Recent arrivals (top to bottom):
- Princesses Behaving Badly by Linda Rodriguez McRobbie - from Quirk Books for review
- Our Hearts Will Burn Us Down by Anne Valente - from HarperCollins for review
- Warren the 13th and the Whispering Woods by Tania Del Rio and Will Staehle - from Quirk Books for review
- Nature's Lullaby Fills the Night by Dee Leone and Bali Engel, and
- A Couch for Llama by Leah Gilbert - both from Sterling Children's Books for review
So . . . this isn't actually everything that walked in my door, last week. Remember that local bookstore that was closing? They decided to extend their sale for a few extra days and marked everything to 90% off. It took me a day of fighting with myself before I went in to see if there was anything left worth buying and it was fascinating - chaotic, because there were still a lot of books and about half of them were in boxes. Some of the books were boxed in anticipation of being moved to the antique store across the street, some boxed by people who were buying them (I avoided the boxes). Most of the bookshelves in the store had been sold and hauled away by their new owners, so there were also books lined up on the floor and only a few scattered shelves of books remaining. While I was there, a woman bought a mirror off the wall. At any rate, there were quite a few books left, so I managed to find another embarrassingly nice little pile. Want to see them? If so, tell me and I'll add them to next week's pile. I just didn't feel like grabbing them for today's photograph.
Books finished since last Malarkey:
- The Radium Girls by Kate Moore
- Nature's Lullaby Fills the Night by Dee Leone and Bali Engel
- A Couch for Llama by Leah Gilbert
- Artemis by Andy Weir
I was glad to finish The Radium Girls because it was so, so sad. But, I'm also happy to have read it. It was certainly a good reminder of how deceitful a company can be when its owners fear they'll lose money - even to the point of knowingly continuing to expose its employees to deadly radiation when they knew it was killing people. The two middle books are children's books from last week's arrivals and I'm looking forward to reviewing them. I loved them both. Artemis is a book I borrowed from my youngest son and read hurriedly, in case he had the urge to snatch it back. I will try diligently to work on getting caught up, this week, so I can review some of these books soon!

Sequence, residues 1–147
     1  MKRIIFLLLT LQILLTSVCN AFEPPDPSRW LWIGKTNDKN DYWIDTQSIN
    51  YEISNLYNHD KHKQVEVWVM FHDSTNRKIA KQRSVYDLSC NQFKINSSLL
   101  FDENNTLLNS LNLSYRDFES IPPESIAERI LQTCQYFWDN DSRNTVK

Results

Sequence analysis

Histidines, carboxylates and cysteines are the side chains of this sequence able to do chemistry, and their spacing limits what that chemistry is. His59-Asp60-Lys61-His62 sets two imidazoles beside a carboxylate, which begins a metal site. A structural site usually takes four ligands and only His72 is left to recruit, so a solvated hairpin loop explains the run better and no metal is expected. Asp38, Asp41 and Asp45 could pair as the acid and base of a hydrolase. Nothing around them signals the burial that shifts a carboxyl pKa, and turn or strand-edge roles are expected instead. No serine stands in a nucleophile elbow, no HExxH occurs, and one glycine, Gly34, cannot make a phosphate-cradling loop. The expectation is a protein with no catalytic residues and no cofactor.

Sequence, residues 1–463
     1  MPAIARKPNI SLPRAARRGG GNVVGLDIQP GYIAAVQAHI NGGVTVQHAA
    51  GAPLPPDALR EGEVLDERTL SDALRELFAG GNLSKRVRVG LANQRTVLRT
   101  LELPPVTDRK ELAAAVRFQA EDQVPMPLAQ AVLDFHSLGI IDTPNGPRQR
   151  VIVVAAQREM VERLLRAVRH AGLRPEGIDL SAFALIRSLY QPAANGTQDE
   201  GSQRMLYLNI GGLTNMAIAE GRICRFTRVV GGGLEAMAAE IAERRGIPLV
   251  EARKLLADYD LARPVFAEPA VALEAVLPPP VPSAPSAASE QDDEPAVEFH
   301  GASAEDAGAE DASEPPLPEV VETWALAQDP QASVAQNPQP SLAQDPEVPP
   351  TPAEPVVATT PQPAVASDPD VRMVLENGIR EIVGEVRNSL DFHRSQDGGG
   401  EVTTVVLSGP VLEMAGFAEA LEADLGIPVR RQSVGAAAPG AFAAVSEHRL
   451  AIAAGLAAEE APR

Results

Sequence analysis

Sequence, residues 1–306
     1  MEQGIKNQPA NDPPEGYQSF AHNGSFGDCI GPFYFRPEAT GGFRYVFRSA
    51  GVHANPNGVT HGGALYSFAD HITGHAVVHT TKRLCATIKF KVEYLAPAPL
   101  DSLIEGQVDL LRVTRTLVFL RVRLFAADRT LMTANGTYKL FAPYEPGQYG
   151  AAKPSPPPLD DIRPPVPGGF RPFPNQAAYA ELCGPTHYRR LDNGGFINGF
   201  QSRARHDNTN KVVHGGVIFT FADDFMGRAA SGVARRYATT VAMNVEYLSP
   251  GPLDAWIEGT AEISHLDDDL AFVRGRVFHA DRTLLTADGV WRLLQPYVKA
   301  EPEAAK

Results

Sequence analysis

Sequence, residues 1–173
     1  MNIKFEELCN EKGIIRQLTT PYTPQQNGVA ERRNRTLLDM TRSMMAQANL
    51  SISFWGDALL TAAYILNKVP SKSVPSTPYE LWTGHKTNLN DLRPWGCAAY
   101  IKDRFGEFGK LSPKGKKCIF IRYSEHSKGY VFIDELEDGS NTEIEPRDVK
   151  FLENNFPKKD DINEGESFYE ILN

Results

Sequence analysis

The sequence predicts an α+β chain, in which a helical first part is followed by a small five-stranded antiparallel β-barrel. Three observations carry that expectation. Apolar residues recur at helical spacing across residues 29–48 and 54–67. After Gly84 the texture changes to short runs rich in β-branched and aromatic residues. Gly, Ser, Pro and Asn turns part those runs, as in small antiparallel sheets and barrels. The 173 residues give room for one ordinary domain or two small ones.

Posts since last Malarkey:
- Saving Tarboo Creek by Scott Freeman and Susan Leopold Freeman (book review)
- Forty Autumns by Nina Willner (book review)
- Fiona Friday - Here I am. Pet me? (cat photo)
After Tuesday, I had a headache for several days and I am still fighting to get my prescription for migraine meds filled, so it was not the best week for writing. But, I'm happy that I managed to get three posts published. Hopefully, this will be a better week.
- Force of Nature by Jane Harper
- Al Franken: Giant of the Senate by Al Franken
Those of you who enjoyed The Dry (which I have not yet reviewed but found gripping) will be happy to know that I'm having an equally hard time putting down Force of Nature.
In other news:
January isn't even over and I've read 16 books. That's pretty typical for a January (usually, my biggest reading month) but, wow, does a good reading month throw the book reviewing behind! Fortunately, not all of the books I've read have been from publishers, so I'll be able to whip out a few mini reviews.
TV-wise, we've just subscribed to Brit Box channel for Roku (we haven't had cable or satellite service for something on the order of 16 years - also have never subscribed to Netflix, believe it or not) and discovered that they have Doctor Who episodes all the way back to the very first Doctor! Cool! Some of the early episodes are missing (I know I read that somewhere, but I'd forgotten) and the pacing of a show from the Sixties is remarkably slow. But, we're enjoying watching from the beginning for the historical context. I had no idea the Daleks had been around practically since Day 1! We're also watching a travel show starring Robson Green, in which he travels around the English Coast.
Movie-wise, I really, really want to see The Darkest Hour but for some reason we never seem to manage to talk ourselves into going to the theater. We always end up dragging our feet and then having to wait for movies to show up on some streaming site or on DVD. If you've seen it, tell me what you think of it, please!
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